The Post (2017)
A cover-up that spanned four U.S. Presidents pushed the country's first female newspaper publisher and a hard-driving editor to join an unprecedented battle between the press and the government.
When American military analyst, Daniel Ellsberg, realizes to his disgust the depths of the US government's deceptions about the futility of the Vietnam War, he takes action by copying top-secret documents that would become the Pentagon Papers. Later, Washington Post owner, Kay Graham, is still adjusting to taking over her late husband's business when editor Ben Bradlee discovers the New York Times has scooped them with an explosive expose on those papers. Determined to compete, Post reporters find Ellsberg himself and a complete copy of those papers. However, the Post's plans to publish their findings are put in jeopardy with a Federal restraining order that could get them all indicted for Contempt. Now, Kay Graham must decide whether to back down for the safety of her paper or publish and fight for the Freedom of the Press. In doing so, Graham and her staff join a fight that would have America's democratic ideals in the balance.
Leaked to the New York Times by the American military analyst, Daniel Ellsberg, the Pentagon Papers--the top-secret study about the United States involvement in the Vietnam War and the decades of cover-ups--stir up a nationwide controversy in 1971. As the Nixon administration and the former Secretary of Defence, Robert McNamara, try to silence the shocking revelations, the Times' rival, the Washington Post, and its owner, Kay Graham, wrestle with the amplitude of a devastating decision. Should Graham publish and let the truth shine on the nearly 60,000 lost-in-action Americans? Should she put in jeopardy not only her status but also her paper?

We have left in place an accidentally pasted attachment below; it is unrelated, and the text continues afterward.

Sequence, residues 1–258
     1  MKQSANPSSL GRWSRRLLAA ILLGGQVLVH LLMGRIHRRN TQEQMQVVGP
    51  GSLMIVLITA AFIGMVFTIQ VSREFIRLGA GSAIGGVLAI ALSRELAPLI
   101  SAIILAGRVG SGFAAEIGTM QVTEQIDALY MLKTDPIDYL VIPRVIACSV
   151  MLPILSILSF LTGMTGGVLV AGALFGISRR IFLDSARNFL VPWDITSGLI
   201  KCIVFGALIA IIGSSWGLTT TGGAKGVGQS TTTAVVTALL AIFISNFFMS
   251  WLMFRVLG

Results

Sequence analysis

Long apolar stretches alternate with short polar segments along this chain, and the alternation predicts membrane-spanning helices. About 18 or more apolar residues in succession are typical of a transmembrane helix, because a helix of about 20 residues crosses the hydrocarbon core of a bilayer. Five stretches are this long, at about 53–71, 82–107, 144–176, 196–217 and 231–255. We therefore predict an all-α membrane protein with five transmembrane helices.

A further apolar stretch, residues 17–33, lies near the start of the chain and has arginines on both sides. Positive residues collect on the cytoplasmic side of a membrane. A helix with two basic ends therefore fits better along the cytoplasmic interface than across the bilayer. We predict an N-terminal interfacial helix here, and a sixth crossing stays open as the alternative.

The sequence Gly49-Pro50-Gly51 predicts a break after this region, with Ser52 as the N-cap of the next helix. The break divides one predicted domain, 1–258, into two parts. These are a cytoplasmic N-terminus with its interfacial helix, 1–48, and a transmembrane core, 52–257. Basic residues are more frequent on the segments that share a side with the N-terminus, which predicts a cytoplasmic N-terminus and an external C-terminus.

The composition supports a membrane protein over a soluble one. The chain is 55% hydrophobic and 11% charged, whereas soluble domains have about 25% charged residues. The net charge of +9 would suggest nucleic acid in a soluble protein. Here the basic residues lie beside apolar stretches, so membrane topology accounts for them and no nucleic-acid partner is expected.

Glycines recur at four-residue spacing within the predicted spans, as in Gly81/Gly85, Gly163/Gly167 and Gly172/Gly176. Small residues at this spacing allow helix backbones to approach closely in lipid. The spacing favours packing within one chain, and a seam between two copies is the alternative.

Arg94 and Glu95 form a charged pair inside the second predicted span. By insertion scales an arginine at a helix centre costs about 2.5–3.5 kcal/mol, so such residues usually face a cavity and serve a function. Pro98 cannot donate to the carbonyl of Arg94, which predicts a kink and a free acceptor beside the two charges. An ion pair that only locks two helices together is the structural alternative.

In 1971, The New York Times has access to classified documents about the Vietnam War. However, the government uses the justice department to stop the distribution of newspapers claiming violation of the national security laws. Immediately after, the Washington Post has access to similar documents but they decide to face the government and publish the newspapers against the will of their lawyers and investors.
- Hau Giang Province, South Vietnam, late 1965
It's the middle of the war. A man named Daniel Ellsberg (Matthew Rhys) is at a campsite with other soldiers to observe any progress in the battle for his work at the Embassy. At night, the soldiers walk through the forest before they are shot at by unseen enemy soldiers.
On his flight home, Ellsberg speaks to Secretary of Defense Robert McNamara (Bruce Greenwood). He talks to the Chief of Staff regarding the progress in the war. According to Ellsberg, nothing has changed, which McNamara states means things are just getting worse. Upon landing, McNamara speaks to the press, lying to them and saying that things are getting better.
Ellsberg later sneaks out of the Pentagon with classified documents on the Vietnam War. He meets in secret with two of his colleagues as they make copies of the papers. Ellsberg reads them, and it reveals that four U.S. presidents (Truman, Eisenhower, Kennedy, and Johnson) were covering up certain facts regarding the war, contrary to what they had told the press.
Washington, D.C., 1971